for await (const settlement of settlementSequence) {
  if (settlement.status === "fulfilled") {
    console.log(`Time in London is ${settlement.value.currentLocalTime}`);
  } else {
      `Gave up retrying. Last error was: ${settlement.reason?.message}`

Extending Settlement

The type of settlements yielded from a settlement sequence aligns with Promise.allSettled(), but with an extra job member.

The type of your job J is preserved in JobSettlement<J>, meaning you can get the annotations back at settlement time.

Annotating a job, and creating an inferrable J is trivial. Instead of ...

yield () => getStarWars(filmId);

Add properties to the yielded no-arg function with Object.assign

yield Object.assign(() => getStarWars(filmId), { filmId });

Then you can get the extra information back from the type-safe job in the settlement...

// consume the settlements (like Promise.allSettled())
for await (const settlement of settlementSequence) {
  const { filmId } = settlement.job;
  if (settlement.status === "fulfilled") {
    console.log(`Success for ${filmId} : response was ${settlement.value}`);
  } else {
      `Failure for ${filmId}: last error was ${settlement.reason?.message}`

Writing your own nevermore strategies

Developers can add e.g. a CircuitBreaker strategy of their own to extend the richness of their nevermore pipeline.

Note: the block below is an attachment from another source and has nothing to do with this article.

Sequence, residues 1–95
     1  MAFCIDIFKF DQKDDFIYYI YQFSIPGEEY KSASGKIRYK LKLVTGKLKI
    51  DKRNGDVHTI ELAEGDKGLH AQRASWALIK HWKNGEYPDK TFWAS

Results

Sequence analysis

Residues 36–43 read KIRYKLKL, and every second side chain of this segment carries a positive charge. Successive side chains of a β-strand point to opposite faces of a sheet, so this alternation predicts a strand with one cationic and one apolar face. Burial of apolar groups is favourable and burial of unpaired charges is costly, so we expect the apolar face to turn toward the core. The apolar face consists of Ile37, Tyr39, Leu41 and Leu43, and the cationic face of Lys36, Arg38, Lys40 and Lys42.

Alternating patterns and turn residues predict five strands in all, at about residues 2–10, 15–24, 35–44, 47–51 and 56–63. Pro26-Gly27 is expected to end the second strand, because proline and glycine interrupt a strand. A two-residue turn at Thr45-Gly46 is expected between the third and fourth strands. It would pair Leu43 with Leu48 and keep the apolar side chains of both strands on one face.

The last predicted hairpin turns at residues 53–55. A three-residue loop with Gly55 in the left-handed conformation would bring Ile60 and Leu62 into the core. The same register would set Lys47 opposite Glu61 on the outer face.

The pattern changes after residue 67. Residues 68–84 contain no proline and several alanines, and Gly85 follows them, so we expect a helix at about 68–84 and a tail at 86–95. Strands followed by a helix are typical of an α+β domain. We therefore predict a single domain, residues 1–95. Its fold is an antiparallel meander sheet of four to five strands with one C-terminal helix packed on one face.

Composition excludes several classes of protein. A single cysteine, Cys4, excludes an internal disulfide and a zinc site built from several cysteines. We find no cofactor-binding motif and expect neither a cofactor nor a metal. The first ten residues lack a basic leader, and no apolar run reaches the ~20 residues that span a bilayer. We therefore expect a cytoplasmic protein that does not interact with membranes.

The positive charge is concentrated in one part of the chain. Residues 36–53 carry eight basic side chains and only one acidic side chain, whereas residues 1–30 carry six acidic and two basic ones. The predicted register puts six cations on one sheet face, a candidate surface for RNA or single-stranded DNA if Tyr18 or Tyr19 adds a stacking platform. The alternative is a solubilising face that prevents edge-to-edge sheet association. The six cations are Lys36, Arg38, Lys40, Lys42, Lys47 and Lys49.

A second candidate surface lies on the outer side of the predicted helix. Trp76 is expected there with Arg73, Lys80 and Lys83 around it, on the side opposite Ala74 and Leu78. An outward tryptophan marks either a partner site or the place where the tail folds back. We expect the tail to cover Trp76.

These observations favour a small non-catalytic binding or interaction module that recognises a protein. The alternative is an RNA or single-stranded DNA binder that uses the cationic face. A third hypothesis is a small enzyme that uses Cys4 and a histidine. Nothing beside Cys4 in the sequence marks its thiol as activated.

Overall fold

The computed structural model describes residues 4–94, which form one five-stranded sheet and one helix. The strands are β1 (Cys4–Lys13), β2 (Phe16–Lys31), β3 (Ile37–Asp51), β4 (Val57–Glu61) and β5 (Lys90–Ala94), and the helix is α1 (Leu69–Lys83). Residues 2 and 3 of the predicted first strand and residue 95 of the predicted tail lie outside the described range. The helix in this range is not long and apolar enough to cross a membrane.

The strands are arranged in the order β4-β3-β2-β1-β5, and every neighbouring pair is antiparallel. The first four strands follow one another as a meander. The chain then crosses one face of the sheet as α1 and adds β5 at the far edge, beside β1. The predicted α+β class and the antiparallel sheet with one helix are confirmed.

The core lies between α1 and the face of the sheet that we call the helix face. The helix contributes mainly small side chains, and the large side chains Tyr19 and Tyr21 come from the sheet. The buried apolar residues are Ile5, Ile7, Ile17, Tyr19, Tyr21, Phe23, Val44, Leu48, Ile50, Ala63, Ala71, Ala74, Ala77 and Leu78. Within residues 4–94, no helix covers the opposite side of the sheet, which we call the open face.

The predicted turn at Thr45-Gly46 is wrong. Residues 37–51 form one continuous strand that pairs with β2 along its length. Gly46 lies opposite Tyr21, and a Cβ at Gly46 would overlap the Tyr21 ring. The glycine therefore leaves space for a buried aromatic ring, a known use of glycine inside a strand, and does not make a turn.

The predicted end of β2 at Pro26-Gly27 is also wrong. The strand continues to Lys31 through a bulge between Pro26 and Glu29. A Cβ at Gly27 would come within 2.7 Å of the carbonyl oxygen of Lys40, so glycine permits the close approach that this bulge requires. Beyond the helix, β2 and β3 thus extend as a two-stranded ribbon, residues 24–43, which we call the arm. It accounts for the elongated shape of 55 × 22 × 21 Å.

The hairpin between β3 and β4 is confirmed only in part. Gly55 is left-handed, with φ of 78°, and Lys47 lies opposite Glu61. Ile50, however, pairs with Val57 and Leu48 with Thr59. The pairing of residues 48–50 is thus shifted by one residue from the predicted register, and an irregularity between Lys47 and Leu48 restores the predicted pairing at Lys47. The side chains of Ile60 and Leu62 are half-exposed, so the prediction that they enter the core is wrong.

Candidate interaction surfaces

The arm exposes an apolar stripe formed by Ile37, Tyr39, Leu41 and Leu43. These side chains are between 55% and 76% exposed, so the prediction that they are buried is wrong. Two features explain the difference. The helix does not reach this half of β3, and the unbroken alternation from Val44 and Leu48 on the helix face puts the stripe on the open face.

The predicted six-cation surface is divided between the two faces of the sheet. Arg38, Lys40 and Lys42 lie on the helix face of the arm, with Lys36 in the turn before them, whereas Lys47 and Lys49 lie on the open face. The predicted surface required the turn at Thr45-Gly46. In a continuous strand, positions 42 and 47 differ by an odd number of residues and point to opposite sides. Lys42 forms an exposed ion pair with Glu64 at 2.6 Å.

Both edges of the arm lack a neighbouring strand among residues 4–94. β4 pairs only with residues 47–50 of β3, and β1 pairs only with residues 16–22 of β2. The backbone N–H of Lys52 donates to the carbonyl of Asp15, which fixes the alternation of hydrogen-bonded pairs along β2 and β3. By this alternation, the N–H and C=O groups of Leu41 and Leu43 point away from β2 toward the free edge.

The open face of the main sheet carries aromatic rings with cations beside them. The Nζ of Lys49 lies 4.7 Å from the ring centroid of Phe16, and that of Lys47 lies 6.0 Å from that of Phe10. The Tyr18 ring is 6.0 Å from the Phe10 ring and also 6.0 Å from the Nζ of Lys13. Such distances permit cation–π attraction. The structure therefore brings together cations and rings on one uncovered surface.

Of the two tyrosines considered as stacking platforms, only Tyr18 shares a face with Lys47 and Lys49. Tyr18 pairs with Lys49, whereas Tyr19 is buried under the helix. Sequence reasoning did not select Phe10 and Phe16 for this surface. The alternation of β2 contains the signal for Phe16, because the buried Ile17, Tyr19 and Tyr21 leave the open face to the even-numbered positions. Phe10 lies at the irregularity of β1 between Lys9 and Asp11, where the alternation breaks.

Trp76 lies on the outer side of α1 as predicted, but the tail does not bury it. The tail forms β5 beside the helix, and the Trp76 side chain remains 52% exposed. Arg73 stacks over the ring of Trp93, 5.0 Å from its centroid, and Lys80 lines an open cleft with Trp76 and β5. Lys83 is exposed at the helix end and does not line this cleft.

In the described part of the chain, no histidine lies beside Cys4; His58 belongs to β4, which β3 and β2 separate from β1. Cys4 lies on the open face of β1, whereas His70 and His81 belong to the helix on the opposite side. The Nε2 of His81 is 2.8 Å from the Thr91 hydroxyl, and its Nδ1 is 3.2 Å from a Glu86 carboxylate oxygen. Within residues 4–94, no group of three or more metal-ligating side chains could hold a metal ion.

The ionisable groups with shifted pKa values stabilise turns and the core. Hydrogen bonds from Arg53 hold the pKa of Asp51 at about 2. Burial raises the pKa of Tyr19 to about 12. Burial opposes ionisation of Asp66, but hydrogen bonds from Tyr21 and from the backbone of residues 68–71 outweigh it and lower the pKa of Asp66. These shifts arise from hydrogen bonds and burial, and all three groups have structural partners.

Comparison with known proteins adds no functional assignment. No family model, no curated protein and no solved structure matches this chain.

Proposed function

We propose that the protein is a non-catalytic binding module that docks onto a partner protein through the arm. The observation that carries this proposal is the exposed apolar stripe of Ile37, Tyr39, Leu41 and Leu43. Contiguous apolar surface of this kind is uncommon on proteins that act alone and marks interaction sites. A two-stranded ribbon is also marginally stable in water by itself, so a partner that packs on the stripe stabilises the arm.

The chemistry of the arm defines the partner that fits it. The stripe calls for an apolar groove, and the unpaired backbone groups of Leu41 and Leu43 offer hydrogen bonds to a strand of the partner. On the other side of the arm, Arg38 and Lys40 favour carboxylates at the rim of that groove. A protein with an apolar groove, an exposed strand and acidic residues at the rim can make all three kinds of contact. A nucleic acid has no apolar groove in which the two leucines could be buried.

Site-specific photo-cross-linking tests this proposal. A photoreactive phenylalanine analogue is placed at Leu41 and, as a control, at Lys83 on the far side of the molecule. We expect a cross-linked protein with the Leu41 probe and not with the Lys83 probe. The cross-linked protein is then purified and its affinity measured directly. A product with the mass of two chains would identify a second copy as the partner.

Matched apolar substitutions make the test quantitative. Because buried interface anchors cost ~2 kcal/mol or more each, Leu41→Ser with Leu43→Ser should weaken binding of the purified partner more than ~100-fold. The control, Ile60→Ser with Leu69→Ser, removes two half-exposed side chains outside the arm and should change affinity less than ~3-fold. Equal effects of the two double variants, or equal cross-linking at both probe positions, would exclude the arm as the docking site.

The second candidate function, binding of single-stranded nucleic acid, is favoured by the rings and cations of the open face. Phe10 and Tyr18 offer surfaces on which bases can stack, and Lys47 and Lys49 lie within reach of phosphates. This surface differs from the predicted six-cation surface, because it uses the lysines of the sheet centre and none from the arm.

For reference a passthru Strategy is included in source. This is a no-op strategy that is suitable as a starting point for your own strategies. Its implementation is shown in full below to illustrate the Strategy formalism.

  • launchJob() asks to schedule a Job, returning a promise that resolves once the job has been first invoked.
  • launchesDone() is a signal called on your strategy when no further launches will take place, allowing it to track remaining pending jobs, and finally clean up resources.
  • next(): Promise<IteratorResult<JobSettlement<J>>> implements an AsyncIterator allowing your strategy to pass back the eventual settlements of launched jobs (when they are eventually fulfilled or rejected).
export function createPassthruStrategy<J extends Job<unknown>>(
  downstream: Strategy<J>
) {
  return {
    launchJob(job) {
      return downstream.launchJob(job);
    launchesDone() {
    next() {
      return downstream.next();
  } satisfies Strategy<J>;

Changing strategy sequence

You can pass piped strategies in the pipes option to be placed upstream of strategies specified in the other options. If there are no other options, it will simply sequence the pipes you choose. nevermore exports factories for core pipes to be able to interleave them with your own e.g. createConcurrencyPipe() and createTimeoutPipe().

This would be needed if you want to sequence your own strategies differently than the default sequence (found in the core sequence.ts file). For example, in the default sequence backoff is placed before concurrency. This ensures that backed off tasks don't consume a slot, meaning concurrency only limits executing jobs. Placing concurrency before backoff means a slot is used by a scheduled task during its whole lifecycle (including between retries).

See also

  • p-limit
  • p-queue
  • p-retry
  • promise-pool